Political Trade Protection in Developing Countries: Firm Level Evidence from Indonesia

48 Pages Posted: 8 Aug 2005

See all articles by Ahmed Mushfiq Mobarak

Ahmed Mushfiq Mobarak

Yale School of Management; Yale University - Cowles Foundation

Denni Purbasari

University of Colorado at Boulder - Department of Economics; Universitas Gadjah Mada

Date Written: July 9, 2005


Empirical tests of the "Protection For Sale" hypothesis typically involve regressing industry-average tariff or non-tariff trade barriers on campaign contributions or organized industry lobbies. In developing countries, politicians in power are typically interested in protecting the business interests of particular individuals "connected" to them, not industries as a whole. Political protection is therefore firm-specific and based on personal relationships between firm owners and influential politicians. Politicians rely on import licensing more than other trade barriers, since licensing requirements are easier to obfuscate from the public eye. This paper identifies "politically connected" firms from the entire population of over 20,000 manufacturing firms in Indonesia, and studies the impact of a connection to President Suharto on the probability that those firms are granted import licenses for raw-materials and for commodities for sale in local markets. We find that connected firms are between 6 and 22 percentage points more likely to receive a license than their competitors, and that these licenses often create monopolies for connected firms. We also show that licenses are valuable to those who receive them, and that there are economy-wide welfare costs of this system of corrupt protection. In particular, there is evidence that licensing increases industry concentration, and decreases the correlation between firm productivity and market share. Finally, we show that industry-level analysis of tariff rates or non-tariff barriers would miss important details of the system of corrupt trade protection prevalent in Indonesia.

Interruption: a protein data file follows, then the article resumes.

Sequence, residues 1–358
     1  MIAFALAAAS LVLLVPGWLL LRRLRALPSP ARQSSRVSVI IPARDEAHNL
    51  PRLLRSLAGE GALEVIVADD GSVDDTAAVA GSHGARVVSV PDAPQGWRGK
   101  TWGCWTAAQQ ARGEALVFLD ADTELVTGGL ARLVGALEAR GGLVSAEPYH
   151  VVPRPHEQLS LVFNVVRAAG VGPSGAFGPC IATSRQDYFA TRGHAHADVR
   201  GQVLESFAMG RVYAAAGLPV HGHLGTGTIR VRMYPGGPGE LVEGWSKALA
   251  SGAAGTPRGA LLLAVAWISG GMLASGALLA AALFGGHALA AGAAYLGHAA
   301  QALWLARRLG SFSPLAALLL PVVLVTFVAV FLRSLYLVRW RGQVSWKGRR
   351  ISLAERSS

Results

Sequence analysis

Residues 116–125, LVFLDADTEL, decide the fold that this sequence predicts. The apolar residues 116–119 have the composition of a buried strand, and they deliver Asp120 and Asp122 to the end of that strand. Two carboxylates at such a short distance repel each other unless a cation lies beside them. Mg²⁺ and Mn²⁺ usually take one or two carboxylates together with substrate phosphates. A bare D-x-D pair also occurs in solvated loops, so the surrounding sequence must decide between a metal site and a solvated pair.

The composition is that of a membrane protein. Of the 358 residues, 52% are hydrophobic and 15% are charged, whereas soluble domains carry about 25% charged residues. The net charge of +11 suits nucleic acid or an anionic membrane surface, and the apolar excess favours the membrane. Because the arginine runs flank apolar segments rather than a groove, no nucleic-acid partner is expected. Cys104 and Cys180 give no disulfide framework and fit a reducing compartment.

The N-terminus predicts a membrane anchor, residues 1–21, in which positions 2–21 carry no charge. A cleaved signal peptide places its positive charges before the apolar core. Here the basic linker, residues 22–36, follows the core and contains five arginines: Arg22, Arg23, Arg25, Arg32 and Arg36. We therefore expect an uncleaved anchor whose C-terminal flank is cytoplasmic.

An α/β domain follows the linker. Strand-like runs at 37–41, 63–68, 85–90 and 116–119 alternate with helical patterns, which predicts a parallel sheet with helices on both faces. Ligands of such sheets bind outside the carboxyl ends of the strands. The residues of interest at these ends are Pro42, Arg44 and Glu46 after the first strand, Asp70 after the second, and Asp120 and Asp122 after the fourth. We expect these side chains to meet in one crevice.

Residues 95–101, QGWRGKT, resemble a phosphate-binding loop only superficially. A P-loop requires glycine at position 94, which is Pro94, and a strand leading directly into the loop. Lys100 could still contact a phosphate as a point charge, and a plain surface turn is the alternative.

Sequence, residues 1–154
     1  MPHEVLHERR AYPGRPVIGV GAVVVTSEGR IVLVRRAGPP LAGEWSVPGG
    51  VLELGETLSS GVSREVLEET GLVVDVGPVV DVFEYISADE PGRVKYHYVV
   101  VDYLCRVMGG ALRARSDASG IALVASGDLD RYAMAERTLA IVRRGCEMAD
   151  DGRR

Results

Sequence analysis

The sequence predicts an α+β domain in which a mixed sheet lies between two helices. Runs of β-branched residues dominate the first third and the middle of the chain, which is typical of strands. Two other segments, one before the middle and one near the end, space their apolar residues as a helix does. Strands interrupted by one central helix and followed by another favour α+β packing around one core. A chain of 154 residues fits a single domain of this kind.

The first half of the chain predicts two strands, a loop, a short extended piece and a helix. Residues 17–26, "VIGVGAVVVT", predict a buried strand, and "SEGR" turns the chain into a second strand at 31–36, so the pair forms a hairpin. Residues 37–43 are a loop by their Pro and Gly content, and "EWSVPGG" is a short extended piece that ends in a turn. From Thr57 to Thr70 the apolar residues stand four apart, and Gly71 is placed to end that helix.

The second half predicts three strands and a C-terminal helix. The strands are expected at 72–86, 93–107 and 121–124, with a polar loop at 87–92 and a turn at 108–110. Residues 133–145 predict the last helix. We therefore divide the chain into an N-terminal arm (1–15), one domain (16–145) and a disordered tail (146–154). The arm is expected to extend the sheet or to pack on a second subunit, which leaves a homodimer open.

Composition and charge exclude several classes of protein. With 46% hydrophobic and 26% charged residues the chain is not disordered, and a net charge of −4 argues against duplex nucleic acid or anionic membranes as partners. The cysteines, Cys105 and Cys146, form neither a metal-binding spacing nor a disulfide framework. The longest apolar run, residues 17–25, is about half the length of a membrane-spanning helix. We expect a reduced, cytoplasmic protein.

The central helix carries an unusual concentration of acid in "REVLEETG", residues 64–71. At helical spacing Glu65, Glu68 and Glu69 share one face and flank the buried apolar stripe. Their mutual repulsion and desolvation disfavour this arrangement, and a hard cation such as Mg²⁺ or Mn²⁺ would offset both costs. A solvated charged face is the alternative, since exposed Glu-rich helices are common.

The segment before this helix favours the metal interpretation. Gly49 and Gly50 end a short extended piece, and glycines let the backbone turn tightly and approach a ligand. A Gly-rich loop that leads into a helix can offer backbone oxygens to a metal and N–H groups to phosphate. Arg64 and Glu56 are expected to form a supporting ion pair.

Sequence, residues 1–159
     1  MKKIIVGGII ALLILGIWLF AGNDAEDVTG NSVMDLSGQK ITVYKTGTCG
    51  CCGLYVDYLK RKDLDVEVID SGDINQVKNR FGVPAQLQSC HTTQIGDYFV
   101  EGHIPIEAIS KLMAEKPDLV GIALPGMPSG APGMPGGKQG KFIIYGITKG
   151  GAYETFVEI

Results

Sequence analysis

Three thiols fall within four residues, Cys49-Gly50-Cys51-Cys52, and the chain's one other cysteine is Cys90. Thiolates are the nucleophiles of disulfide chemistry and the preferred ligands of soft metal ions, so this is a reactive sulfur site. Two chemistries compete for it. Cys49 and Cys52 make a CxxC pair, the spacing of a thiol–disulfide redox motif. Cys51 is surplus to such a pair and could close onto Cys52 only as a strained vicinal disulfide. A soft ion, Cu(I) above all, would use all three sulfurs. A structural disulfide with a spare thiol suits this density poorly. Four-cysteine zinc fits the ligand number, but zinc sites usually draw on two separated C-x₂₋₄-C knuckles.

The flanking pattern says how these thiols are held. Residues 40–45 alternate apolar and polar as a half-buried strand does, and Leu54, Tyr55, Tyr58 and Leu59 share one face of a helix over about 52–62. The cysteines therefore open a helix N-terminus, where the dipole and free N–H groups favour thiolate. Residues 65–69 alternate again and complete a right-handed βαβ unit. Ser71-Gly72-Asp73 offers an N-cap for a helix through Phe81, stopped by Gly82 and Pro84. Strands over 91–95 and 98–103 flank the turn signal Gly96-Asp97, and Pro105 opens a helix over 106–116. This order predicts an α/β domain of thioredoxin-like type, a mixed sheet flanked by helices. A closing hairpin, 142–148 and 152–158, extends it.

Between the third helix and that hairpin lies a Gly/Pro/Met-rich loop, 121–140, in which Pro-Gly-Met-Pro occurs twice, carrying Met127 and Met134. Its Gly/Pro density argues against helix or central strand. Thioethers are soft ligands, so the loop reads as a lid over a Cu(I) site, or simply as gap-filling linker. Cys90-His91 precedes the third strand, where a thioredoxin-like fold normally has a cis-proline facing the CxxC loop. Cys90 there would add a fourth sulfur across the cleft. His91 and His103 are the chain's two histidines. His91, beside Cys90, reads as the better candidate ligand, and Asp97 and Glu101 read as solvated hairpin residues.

Keywords: Protection for Sale, Developing Countries, Political Connections, Import Licensing, Indonesia

JEL Classification: F1, F13, O12

Suggested Citation

Mobarak, Ahmed Mushfiq and Purbasari, Denni, Political Trade Protection in Developing Countries: Firm Level Evidence from Indonesia (July 9, 2005). Available at SSRN: https://ssrn.com/abstract=770949 or http://dx.doi.org/10.2139/ssrn.770949

Ahmed Mushfiq Mobarak (Contact Author)

Yale School of Management ( email )

135 Prospect Street
P.O. Box 208200
New Haven, CT 06520-8200
United States
203-432-5787 (Phone)

HOME PAGE: http://mba.yale.edu/faculty/profiles/mobarak.shtml

Yale University - Cowles Foundation

Box 208281
New Haven, CT 06520-8281
United States

Denni Purbasari

University of Colorado at Boulder - Department of Economics ( email )

Campus Box 256
Boulder, CO 80309
United States

Universitas Gadjah Mada

Yogyakarta 55281

Here is the Coronavirus
related research on SSRN

Paper statistics

Abstract Views
PlumX Metrics